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'Having my wisdom tooth removed led me to discover that I had mouth cancer'


‘Get it checked out’: Susan Richmond is a mouth-cancer survivor. Photo: Daragh McSweeney/Provision

‘Get it checked out’: Susan Richmond is a mouth-cancer survivor. Photo: Daragh McSweeney/Provision

‘Get it checked out’: Susan Richmond is a mouth-cancer survivor. Photo: Daragh McSweeney/Provision

Susan Richmond thought she just needed a wisdom tooth removed, but her dentist's concerns led her to discover she was suffering from mouth cancer.

"After it was confirmed that I had cancer, I was referred for surgery and radiation therapy," says the 63-year old from Cork. "Thankfully, I am good today but have some residual problems and drool due to nerve damage where my lip dips down. I also find it difficult to swallow sometimes and my speech is affected, and I continue with daily mouth exercises to keep my tongue and throat flexible.

"I would advise anyone who notices any changes in their mouth, to go to their dentist to get it checked out. They are trained for this and will recognise if further investigation is needed. Don't delay as early detection is vital."

Now, 14 years later, although left with some lingering side effects, she is healthy and happy with two adult sons and nine grandchildren.

She would urge everyone not to dismiss any uncomfortable or suspicious lumps or bumps and to seek advice as soon as possible.

Today is Mouth Cancer Awareness Day when health experts urge people to be aware of their oral health and, if they have any concerns, to seek medical advice.

Although relatively rare, there are currently more than 700 cases of mouth, head and neck cancer (MHNC) in Ireland each year.

Laryngeal and tongue cancers are the most common and usually seen amongst those over 55, but the number of cases among younger people is increasing.

"Early detection greatly improves the chances of survival," says Kevin O'Hagan, cancer prevention manager with the Irish Cancer Society.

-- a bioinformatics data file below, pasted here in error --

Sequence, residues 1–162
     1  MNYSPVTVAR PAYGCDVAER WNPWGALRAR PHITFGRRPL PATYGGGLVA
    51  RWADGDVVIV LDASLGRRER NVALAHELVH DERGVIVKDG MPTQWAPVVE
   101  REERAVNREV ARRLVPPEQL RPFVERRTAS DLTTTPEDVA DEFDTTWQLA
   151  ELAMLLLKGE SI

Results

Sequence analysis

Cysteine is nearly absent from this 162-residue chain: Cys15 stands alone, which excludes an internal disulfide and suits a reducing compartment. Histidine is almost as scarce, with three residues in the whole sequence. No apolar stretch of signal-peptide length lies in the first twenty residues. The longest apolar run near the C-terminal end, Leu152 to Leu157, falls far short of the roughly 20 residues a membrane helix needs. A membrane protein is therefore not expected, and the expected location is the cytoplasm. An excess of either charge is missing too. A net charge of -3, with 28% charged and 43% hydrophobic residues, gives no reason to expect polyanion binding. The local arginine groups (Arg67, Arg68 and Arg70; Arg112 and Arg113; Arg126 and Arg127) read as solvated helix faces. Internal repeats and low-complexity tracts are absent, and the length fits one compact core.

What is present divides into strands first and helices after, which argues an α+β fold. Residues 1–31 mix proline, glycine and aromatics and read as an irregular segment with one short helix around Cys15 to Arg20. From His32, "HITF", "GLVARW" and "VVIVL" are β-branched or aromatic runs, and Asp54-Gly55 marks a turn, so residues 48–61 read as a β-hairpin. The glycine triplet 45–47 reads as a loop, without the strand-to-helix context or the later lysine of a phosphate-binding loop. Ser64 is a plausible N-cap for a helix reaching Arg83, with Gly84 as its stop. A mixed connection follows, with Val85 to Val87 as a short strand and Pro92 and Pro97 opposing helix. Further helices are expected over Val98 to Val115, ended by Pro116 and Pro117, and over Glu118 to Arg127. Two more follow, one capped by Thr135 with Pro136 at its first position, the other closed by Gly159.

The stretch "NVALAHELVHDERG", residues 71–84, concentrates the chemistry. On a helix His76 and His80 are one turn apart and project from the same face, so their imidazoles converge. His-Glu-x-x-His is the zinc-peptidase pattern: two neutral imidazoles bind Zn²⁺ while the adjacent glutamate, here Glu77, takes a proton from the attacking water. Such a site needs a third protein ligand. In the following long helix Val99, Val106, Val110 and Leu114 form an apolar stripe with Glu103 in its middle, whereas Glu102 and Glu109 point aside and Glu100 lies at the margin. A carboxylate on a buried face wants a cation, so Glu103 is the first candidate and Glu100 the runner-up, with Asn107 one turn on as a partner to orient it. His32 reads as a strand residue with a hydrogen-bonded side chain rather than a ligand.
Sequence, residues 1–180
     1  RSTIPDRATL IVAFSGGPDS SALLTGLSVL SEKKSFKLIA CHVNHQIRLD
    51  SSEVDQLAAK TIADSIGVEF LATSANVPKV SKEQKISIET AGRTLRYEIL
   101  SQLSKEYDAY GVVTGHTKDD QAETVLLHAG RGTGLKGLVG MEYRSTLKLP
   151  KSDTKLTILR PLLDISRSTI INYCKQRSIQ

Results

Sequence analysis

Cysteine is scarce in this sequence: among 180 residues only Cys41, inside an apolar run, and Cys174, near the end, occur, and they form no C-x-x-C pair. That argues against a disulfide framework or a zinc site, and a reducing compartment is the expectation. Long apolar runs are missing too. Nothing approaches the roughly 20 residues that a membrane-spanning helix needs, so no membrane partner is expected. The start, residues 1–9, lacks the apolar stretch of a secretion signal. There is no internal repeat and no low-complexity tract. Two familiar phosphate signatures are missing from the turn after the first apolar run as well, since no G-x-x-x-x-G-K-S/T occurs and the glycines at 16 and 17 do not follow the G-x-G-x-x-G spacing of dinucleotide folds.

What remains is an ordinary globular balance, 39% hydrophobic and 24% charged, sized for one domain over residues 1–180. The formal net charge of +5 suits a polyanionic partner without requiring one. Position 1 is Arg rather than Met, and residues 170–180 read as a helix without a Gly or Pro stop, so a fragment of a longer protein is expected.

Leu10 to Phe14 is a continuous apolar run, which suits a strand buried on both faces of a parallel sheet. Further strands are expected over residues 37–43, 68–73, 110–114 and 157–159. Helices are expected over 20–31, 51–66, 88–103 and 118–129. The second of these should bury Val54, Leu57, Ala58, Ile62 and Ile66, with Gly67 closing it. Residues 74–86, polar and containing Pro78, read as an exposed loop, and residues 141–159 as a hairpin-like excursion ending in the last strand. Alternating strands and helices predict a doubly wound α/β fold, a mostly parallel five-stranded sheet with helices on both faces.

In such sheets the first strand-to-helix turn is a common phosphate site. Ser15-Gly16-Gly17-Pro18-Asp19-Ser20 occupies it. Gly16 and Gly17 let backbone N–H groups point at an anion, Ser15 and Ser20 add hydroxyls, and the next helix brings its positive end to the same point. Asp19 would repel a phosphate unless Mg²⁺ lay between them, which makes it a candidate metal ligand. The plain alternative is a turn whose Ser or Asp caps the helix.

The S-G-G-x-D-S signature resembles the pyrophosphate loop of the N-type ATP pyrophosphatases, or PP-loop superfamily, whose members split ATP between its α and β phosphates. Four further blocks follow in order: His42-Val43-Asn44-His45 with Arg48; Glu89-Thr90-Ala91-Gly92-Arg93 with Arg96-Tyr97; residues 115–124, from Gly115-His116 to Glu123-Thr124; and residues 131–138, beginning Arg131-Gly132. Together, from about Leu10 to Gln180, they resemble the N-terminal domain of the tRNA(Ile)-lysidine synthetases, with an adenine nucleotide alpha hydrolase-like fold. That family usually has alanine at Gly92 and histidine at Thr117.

"Dentists have a key role to play in early detection and the prevention of the disease by advising on risk factors.

"So a quick and painless examination should be part of your routine dental check-up. And if there are any concerns, you will be referred for further examination."

Symptoms of this type of cancer include a sore or ulcer in the mouth which doesn't heal, white or red patches inside the mouth, a lump in the mouth or neck, numbness, and difficulty chewing, swallowing, or moving the tongue.

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Other symptoms include a persistent sore throat and hoarseness, unexplained loose teeth, persistent nose bleeds and stuffy nose and a numbness of the tongue or face.

Case numbers are set to increase by 30pc in the next 25 years and currently, Ireland's five-year survival rate is just 54pc as more than two-thirds of patients are diagnosed with late-stage disease.

But despite this negative picture, Mr O'Hagan says those who are diagnosed early can be treated effectively.

"Unfortunately, for those who are diagnosed at a late stage, the outcomes can be poor and affected individuals can be left with life-altering changes to their appearance and their ability to speak, eat and swallow," he says.

"This is why it is so important to make people aware of the risk factors and early signs of MHNC to reduce the burden of this disease for the Irish population.

"But excellent outcomes can be achieved for patients presenting with early stage disease."

Visit www.mouthcancer.ie or contact the Irish Cancer Society Cancer Nurseline on freephone 1800 200 700.

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